Water Touching Stone
St. Martin's Press, June, 2002.
Hardcover, 560 pages.
Eliot Pattison's debut novel, The Skull Mantra, introduced an unusual new investigator to the ranks of detective fiction. Shan Tao Yun was once an esteemed investigator in Beijing, who was sent to the Tibetan gulag after he refused to drop a financial investigation which would have been politically embarrassing to the Communist party leaders. Tortured and starved, he only survived his ordeal because of the help he received from the imprisoned Tibetan Buddhist monks he came to know and respect. After assisting in an investigation, he was unofficially released, and has been in hiding in Tibet in an Buddhist sanctuary. In Water Touching Stone, Shan is asked by the monks to travel to northern Tibet to solve the mystery of a murdered teacher, whose students are also being murdered one by one -- some say by a terrible demon. Shan agrees to the dangerous journey, and sets out with an elderly lama, a young Kazakh woman, a bitter member of the Tibetan resistance and various other companions. Shan's journey takes him close to the border with China, which is populated with the Moslem Kazakh clans, known for their skills with and love for horses, secret Buddhist monasteries, corrupt Chinese officials, and Russian smugglers. His investigation will involve much hardship, but he will discover many wonders along the way.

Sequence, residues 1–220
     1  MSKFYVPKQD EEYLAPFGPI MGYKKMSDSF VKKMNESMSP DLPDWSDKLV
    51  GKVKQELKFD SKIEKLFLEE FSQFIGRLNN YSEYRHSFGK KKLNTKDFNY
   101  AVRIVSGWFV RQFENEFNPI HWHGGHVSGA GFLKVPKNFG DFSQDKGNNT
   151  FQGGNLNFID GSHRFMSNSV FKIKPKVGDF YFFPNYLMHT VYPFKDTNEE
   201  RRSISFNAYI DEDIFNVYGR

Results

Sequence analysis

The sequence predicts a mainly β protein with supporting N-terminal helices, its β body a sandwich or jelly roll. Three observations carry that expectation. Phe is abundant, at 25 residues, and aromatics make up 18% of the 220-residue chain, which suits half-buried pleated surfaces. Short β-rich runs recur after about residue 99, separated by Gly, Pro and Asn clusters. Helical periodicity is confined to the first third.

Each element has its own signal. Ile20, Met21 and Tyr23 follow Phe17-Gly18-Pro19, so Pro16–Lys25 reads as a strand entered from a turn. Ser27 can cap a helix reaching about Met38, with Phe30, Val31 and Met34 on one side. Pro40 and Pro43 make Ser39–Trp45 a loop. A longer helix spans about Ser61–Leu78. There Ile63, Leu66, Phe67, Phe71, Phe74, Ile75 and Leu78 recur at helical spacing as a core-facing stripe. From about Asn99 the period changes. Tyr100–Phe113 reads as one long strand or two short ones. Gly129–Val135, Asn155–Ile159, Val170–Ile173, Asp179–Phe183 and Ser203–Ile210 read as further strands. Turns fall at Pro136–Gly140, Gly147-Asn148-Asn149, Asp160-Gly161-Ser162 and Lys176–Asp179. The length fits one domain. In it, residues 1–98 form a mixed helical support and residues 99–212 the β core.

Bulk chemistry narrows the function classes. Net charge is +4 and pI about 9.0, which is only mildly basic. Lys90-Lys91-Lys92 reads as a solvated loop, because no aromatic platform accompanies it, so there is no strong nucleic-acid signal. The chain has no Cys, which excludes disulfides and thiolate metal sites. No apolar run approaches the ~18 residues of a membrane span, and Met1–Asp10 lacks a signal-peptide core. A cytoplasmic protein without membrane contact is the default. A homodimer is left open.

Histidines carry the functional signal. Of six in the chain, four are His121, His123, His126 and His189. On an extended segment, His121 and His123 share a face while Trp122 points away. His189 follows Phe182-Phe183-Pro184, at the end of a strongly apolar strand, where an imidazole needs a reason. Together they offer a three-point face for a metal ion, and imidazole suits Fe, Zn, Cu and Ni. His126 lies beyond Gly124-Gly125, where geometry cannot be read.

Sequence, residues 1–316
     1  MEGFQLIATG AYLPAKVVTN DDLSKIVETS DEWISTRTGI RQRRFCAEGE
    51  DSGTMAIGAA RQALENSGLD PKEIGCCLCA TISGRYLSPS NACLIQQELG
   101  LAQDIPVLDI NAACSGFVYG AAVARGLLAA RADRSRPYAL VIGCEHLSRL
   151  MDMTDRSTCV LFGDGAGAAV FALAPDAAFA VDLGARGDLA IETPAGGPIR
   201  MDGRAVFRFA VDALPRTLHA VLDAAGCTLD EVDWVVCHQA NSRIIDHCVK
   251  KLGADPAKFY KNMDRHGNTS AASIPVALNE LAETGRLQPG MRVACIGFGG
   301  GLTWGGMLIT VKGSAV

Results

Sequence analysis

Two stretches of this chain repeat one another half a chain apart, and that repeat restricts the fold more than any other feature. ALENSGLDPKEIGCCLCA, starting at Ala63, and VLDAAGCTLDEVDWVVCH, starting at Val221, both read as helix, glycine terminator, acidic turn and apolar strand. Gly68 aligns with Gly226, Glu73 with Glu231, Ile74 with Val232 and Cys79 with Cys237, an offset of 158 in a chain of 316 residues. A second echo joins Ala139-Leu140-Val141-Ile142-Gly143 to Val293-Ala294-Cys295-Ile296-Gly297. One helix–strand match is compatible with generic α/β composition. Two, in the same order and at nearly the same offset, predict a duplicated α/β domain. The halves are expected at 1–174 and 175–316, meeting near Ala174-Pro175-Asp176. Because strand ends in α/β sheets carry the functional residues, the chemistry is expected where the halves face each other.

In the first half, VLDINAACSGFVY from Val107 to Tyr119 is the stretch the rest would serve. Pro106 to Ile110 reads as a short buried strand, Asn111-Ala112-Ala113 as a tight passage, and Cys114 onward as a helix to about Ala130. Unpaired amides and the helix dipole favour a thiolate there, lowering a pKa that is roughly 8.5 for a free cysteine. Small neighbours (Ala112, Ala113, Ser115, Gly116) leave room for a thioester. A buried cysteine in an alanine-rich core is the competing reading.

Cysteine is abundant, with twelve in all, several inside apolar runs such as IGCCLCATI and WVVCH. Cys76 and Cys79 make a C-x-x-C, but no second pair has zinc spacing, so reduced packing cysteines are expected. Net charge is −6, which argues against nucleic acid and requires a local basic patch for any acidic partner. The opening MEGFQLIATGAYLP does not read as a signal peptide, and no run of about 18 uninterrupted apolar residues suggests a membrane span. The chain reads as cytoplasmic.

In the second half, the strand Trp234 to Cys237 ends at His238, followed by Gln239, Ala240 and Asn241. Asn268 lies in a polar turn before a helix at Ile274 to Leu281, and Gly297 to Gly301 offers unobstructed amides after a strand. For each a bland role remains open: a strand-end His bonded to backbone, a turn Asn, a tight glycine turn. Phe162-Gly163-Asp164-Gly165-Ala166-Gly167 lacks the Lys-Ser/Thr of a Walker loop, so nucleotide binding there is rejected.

The international news media virtually ignores the sufferings of occupied Tibet. The Chinese government rules the country with an iron hand, and is still following a ruthless campaign to wipe out the native cultures and religions of the area. The government has even kidnapped and is holding the panchen lama -- the person who will lead the search for the next reincarnation of the Dalai Lama, after the current lama dies. Eliot Pattison uses this horrific background to create a fascinating mystery series. Pattison uses his considerable skills as a writer to shows the beauty and mystery of Tibet, and the fierceness and pride of a people who have been brutally subjugated by a corrupt and utterly evil government. This is an outstanding and absolutely fascinating mystery series.
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This review was published in the October - November, 2002 of The Internet Writing Journal.
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